This is the first part of a four part series looking at which NFL Players should be put in the Hall of Fame. It baffles me that Duke Slater isn’t in the Pro Football Hall of Fame. Duke Slater was born in Normal, Illinois in 1898, and as a kid excelled in football enough that he was given the opportunity to play football for the Iowa Hawkeyes. Duke went on to become one of the greatest players in Iowa history. He was so great that Duke Slater was considered to be the option for Iowa’s new football stadium over Heisman-winner Nile Kinnick but it never materialized. He does have a dormitory named after him.
After college he started his professional career with the Wisconsin Badgers in 1922 playing 2 games before being sent to the Rock Island Independents. He was listed as a first or second team All-Pro all three years he played there, while playing in every minute of every game. In 1926 the Independents disbanded, sending him to the Chicago Cardinals. He was awarded first or second All-Pro from 1927-1930. He was also on the O-line for Ernie Nevers’ historic 6 touchdown game. These merits are comparable to Hall of Famers Pete Henry and Link Lyman (linemen in the Hall of Fame from the same era as Duke).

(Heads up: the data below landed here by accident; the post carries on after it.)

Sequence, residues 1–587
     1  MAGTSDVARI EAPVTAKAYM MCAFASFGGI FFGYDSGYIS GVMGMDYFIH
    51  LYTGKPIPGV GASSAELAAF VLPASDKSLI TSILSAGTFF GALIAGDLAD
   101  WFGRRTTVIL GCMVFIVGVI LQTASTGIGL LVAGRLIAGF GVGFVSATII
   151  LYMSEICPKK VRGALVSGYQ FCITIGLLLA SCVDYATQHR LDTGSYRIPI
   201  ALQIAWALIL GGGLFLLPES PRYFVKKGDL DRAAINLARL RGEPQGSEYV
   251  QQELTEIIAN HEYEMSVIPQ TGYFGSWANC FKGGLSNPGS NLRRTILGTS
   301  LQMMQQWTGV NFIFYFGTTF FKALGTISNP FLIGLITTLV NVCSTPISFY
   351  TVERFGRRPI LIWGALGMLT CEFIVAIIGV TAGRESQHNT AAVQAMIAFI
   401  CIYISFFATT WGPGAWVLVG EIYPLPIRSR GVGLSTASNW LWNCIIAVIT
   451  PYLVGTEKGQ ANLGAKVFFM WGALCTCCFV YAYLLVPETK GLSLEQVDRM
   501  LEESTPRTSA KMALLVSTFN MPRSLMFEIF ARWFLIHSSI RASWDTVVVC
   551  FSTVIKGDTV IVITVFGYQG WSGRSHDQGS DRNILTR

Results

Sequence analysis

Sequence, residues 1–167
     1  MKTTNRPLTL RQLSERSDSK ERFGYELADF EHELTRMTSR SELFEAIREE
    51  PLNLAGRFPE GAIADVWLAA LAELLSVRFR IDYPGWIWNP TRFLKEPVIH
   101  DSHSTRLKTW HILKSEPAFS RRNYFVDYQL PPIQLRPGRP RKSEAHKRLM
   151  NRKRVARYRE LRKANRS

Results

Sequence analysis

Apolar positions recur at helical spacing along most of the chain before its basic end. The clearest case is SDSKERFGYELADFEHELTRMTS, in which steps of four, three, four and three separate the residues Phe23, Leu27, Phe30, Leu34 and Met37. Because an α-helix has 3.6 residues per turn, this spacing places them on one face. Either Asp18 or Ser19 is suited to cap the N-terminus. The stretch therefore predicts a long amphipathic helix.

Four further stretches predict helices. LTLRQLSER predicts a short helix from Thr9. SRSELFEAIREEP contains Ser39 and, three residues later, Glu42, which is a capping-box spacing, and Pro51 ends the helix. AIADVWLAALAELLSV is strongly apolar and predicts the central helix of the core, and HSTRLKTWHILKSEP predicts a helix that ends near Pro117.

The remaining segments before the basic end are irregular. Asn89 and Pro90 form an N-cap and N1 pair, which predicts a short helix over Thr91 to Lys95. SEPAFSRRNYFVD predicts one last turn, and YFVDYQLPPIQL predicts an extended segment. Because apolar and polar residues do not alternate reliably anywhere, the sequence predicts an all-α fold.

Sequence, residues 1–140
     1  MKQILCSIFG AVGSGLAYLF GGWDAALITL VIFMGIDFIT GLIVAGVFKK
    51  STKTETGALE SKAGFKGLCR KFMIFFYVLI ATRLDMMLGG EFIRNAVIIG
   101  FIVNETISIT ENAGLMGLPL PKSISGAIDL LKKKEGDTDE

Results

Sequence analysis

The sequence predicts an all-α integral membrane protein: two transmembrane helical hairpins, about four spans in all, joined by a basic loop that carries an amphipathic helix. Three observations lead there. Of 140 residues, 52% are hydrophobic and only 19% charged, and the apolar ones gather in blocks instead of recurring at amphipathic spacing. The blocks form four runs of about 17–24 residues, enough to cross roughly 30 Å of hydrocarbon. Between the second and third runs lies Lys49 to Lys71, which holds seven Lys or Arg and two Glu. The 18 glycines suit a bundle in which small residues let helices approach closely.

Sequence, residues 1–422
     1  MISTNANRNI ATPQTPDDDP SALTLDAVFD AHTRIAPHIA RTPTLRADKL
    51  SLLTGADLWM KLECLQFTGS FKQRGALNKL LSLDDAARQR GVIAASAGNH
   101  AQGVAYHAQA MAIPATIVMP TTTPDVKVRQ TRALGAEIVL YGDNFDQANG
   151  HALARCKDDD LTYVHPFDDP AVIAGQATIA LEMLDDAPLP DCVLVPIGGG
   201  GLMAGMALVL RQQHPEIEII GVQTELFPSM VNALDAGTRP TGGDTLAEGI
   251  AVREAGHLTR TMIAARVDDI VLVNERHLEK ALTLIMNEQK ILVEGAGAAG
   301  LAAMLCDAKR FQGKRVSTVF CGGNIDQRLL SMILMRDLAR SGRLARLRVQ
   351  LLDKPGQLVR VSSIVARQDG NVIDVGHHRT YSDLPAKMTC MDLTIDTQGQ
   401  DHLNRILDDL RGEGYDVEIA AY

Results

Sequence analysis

Duke Slater never missed a game due to injury, the only game he missed was due to the color of his skin. Yes, Duke Slater was black. He was the very first African American lineman and was at times the only African American in the NFL. It is amazing that Duke Slater was able to accomplish all that he did despite being on the receiving end of any possible cheap shot in football’s toughest era, just for the color of his skin. Fritz Pollard, known as one of the first African American football player and the first African American Coach, got into the Hall of Fame on much less merit, (1 All-Pro selection). Why not put Duke Slater in? His performance on the field compares favorably with players currently in the Hall of Fame and he was an icon. So put him in the Hall of Fame.